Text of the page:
DENVER -- Rockies right-hander Jon Gray vows to be on the front foot next year.
Gray used a scooter Friday at Coors Field after having surgery a week ago to insert two screws to correct a stress fracture in his left foot. He said correcting an issue that bothered him more than he let on for the last three seasons could be the difference between where he is now, glowing from a solid bounce-back performance after a down 2018, and his goal.
“The goal is to come in and be even more of a guy that people want to play behind, more of a guy that when they take the field, they know they're going to win that day,” said Gray, 11-8 with a 3.84 ERA while starting all but one of his 26 appearances. “Just go out and win.
“All the time, I play against people like [Zack] Greinke and [Clayton] Kershaw, those good starters. You know that feeling when you take the field against them, you're going to have to get everything you can get from them. I want that same feeling when I take the mound. I want the other team to feel this advantage.”
Gray’s injury first occurred in mid-April 2017. He rested it and finished the regular season 10-4 with a 3.67 ERA in 20 starts, before going 1 1/3 innings of a loss in the National League Wild Card Game. This year, he didn’t miss any starts because of the foot injury until the Rockies pushed back a start in early August, after he experienced pain after slipping on the dugout stairs in San Diego on Aug. 8.
Gray came back with a sterling eight scoreless innings, with seven strikeouts, in a 3-0 victory over the Marlins at Coors Field on Aug. 16. He didn’t pitch again and said that even if the team were in the postseason race, he doubts the foot would allow him to pitch.
All along, he feared sudden push-offs, and there was pain off and on.
Gray will be in a cast until Thursday, then a walking boot for about three weeks. After that, he expects to be cleared for full offseason work.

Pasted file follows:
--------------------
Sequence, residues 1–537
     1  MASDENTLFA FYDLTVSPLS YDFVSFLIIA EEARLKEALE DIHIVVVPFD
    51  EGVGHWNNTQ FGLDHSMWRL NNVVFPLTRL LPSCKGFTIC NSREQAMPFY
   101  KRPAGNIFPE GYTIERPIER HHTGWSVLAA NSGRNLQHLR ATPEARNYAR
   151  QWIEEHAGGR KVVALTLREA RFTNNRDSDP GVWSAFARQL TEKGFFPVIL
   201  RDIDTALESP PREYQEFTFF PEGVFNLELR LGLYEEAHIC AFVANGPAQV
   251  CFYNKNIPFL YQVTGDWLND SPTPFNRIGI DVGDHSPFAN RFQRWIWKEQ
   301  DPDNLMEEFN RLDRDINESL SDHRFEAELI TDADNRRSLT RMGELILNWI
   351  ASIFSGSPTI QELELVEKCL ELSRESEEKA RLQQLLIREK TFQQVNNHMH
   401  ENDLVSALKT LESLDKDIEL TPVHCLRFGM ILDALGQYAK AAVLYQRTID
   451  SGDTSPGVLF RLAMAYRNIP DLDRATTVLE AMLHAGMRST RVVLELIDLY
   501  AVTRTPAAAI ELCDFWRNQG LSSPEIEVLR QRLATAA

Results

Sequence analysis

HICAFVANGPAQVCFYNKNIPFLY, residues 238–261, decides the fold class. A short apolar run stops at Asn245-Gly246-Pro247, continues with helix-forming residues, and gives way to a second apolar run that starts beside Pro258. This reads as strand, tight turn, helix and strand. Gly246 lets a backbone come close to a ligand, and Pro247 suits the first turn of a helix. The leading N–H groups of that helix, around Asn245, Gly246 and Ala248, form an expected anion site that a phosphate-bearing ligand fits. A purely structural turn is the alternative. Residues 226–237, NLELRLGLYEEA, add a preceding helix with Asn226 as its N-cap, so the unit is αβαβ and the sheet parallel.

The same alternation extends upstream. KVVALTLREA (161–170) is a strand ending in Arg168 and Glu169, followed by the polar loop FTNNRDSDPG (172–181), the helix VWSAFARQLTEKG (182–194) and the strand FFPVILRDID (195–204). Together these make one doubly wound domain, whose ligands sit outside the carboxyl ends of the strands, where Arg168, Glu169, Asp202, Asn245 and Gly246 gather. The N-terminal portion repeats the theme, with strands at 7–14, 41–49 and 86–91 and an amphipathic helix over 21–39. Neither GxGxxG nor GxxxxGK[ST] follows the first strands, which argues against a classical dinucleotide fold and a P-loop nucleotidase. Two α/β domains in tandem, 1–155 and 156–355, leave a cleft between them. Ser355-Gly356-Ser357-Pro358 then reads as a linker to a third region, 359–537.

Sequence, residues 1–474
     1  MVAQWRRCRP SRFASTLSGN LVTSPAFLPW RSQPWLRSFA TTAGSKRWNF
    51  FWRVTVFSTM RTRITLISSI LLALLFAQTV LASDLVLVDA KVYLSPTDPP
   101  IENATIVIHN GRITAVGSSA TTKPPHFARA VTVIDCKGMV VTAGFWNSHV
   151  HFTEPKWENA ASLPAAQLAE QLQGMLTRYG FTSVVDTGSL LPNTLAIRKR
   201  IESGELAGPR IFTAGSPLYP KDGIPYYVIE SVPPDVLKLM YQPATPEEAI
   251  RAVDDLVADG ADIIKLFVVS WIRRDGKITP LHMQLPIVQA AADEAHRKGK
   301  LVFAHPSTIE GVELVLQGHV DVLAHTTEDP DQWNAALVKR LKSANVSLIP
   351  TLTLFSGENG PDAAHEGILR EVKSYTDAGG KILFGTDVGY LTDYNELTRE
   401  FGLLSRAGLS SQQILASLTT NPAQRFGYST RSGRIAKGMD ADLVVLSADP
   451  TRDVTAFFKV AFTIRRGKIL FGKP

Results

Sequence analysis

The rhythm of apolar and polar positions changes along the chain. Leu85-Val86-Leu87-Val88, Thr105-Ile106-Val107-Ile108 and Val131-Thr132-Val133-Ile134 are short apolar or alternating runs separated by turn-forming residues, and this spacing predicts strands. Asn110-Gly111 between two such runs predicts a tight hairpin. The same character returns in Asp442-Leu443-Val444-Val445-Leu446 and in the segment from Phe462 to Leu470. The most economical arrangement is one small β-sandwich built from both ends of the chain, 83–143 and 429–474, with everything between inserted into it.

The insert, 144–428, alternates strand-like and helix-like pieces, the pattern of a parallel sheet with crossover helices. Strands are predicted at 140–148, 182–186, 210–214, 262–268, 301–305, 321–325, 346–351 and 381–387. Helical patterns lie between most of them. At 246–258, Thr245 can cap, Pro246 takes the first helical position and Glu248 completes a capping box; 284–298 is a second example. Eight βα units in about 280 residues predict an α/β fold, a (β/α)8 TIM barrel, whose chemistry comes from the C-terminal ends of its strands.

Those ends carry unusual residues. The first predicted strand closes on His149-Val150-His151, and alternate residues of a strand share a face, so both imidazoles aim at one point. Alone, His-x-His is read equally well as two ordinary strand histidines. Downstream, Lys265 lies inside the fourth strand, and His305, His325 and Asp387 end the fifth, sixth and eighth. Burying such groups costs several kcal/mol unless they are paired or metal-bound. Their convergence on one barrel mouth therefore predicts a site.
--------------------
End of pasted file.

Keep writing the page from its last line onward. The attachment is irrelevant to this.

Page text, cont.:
Part of Gray’s much-chronicled struggles in 2018 (12-9, 5.12 ERA) were because his weight dipped to 215. A revamped eating program helped. He reported this spring at about 230 but was down to 218 for his last start. He expects better foot stability to allow him to train differently, which could mean Olympic-style lifting that includes full-body movements, with a goal of reporting at 235 and maintaining 225 throughout 2020.
“I think it'll even be a better one because by the time the offseason gets here, I'll be fully recovered and be ready to start over from ground zero," Gray said. “There were things that I stayed away from because I knew it could trouble it, like pushing sleds, things like that. Things with high impact on it, I didn't want to do. A whole lot of jumping ... I can't do jumps. So there are a whole lot of things now that I'm able to do because it's not going to recur.
“It  was a good response to last year, but there's a level that I need to get to that's a little bit better. I know it's there. That's why I'm so excited. I'm going to take that same attitude into this next year and respond that way, but this time with a little bit more help from my body."